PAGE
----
MEASUREMENTS ON NEW-FALLEN SNOW.
MCGILL UNIV MONTREAL (QUEBEC) STORMY WEATHER GROUP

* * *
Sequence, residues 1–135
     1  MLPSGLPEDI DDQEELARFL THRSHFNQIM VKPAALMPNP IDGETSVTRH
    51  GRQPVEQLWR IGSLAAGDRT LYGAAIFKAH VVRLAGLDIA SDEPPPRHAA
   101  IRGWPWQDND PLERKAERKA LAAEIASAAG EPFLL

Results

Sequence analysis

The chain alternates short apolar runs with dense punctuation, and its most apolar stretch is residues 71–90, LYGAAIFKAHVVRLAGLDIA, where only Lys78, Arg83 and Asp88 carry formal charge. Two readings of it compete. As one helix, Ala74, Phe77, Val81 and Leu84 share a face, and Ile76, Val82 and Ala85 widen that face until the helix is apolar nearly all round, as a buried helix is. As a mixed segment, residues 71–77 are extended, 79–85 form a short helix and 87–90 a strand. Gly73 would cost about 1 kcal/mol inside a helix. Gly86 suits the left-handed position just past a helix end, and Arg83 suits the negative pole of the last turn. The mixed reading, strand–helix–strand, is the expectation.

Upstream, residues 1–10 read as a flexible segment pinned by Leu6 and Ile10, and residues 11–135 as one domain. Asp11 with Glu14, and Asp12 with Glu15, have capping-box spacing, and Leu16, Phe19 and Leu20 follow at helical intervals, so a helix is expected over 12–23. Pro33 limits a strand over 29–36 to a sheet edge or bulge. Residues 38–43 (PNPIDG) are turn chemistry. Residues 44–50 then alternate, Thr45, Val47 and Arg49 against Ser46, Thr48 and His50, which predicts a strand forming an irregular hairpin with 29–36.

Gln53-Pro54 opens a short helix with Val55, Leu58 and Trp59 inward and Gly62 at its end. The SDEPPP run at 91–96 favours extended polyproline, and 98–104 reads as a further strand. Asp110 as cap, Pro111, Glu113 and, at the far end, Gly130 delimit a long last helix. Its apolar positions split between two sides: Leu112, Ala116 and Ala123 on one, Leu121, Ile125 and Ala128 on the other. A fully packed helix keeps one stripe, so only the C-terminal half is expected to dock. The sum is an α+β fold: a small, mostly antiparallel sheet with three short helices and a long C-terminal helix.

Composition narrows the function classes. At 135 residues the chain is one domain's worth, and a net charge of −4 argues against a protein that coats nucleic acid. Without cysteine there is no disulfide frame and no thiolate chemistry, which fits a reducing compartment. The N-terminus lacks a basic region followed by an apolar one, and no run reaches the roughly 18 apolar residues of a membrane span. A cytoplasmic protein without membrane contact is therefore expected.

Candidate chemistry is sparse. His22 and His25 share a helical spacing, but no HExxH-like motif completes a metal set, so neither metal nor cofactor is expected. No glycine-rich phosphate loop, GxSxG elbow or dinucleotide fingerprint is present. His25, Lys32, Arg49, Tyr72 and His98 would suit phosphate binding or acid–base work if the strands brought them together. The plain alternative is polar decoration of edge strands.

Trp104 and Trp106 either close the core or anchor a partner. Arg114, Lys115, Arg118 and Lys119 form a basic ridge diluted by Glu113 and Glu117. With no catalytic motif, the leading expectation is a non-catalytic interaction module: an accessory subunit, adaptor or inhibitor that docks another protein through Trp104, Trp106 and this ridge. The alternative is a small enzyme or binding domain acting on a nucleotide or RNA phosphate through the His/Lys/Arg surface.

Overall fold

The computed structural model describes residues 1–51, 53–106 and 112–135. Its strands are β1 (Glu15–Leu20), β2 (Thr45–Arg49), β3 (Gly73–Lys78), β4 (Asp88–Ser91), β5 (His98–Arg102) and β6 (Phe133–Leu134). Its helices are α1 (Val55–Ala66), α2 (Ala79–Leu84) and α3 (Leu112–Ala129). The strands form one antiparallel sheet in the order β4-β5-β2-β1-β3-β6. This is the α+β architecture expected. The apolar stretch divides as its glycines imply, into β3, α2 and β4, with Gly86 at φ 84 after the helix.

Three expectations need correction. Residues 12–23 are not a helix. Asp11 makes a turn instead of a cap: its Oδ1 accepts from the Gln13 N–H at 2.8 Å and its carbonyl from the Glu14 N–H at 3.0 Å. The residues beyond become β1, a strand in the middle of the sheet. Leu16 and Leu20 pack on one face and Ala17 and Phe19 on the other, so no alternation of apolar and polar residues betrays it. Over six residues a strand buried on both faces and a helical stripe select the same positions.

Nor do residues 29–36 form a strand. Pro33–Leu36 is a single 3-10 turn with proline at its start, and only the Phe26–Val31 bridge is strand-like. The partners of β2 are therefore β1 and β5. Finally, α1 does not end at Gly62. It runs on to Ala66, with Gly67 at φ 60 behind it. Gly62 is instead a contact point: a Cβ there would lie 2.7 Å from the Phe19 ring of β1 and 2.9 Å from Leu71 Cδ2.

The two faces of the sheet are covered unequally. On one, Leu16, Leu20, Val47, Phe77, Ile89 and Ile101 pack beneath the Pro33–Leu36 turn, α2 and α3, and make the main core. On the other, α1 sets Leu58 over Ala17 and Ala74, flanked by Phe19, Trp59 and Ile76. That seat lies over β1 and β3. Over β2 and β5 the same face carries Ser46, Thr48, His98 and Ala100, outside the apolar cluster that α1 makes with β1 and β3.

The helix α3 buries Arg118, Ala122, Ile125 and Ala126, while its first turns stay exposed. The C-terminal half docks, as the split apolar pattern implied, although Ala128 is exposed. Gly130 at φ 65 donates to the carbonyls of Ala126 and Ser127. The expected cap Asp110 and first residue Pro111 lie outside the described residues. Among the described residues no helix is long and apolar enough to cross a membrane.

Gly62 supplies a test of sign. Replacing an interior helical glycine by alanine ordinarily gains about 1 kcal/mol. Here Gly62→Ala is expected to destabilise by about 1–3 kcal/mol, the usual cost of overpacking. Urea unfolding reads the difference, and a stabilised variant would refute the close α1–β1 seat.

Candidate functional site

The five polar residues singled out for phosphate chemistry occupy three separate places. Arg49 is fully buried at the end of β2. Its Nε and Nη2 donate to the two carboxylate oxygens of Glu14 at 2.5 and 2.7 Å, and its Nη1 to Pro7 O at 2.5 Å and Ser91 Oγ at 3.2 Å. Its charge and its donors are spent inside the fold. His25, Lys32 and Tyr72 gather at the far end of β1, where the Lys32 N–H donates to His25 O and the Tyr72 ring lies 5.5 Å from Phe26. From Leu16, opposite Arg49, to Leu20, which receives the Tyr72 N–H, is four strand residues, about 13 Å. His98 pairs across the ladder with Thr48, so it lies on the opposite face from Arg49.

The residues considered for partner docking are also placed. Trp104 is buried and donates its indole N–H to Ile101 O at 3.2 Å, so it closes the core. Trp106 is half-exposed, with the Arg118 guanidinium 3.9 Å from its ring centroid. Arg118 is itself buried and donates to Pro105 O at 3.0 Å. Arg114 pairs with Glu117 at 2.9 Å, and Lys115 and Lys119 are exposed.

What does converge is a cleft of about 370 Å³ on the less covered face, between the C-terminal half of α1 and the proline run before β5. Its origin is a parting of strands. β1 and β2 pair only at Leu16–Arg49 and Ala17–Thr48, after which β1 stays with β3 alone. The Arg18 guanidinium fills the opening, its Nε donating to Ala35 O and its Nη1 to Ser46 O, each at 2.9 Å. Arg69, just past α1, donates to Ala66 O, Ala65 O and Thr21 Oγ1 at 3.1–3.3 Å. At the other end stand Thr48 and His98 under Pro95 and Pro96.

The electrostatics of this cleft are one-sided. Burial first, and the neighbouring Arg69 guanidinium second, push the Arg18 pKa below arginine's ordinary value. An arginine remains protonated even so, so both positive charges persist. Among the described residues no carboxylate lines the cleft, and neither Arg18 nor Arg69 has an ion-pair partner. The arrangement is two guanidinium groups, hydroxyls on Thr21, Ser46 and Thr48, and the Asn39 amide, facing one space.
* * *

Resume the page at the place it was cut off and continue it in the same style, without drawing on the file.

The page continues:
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The rate of accumulation of snow at the ground has been recorded by photographing the snow surface against a wire grid. The records have provided useful data about amounts and rates of snowfall at Montreal. Of 101 snowstorms considered, half deposited less than 2 mm of water mmw. During a winter there are only half a dozen storms that deposit more than 10 mmw 4 inches of snow. Half the amount of snow in a season comes at rates of 1.2 mmwhr and less. The highest rate measured in two winters was 7.4 mmwhr over a period of one-half hour. The snow surface is continually subsiding at a rate generally less than 1 mm of snow per hour. The subsidence is due to the compacting of the snow cover presumably as the crystals become modified in their new environment. The rate of compacting of any layer in the new snow is found to be about 1 per cent per hour, independent of the snow density. Many measurements of the snowfall rate R and the average mass per crystal m have provided values of Rm, the number of snow crystals reaching unit area of the surface per unit time. A typical number is 1 per cent sq cm per sec. Over a whole seasons data, the flux is proportional to the snowfall rate. Specifically, two thirds of the measurements lie within a factor two of a locus Rmsq cm sec 1.5 R1.0 where R is in mmwhr. Author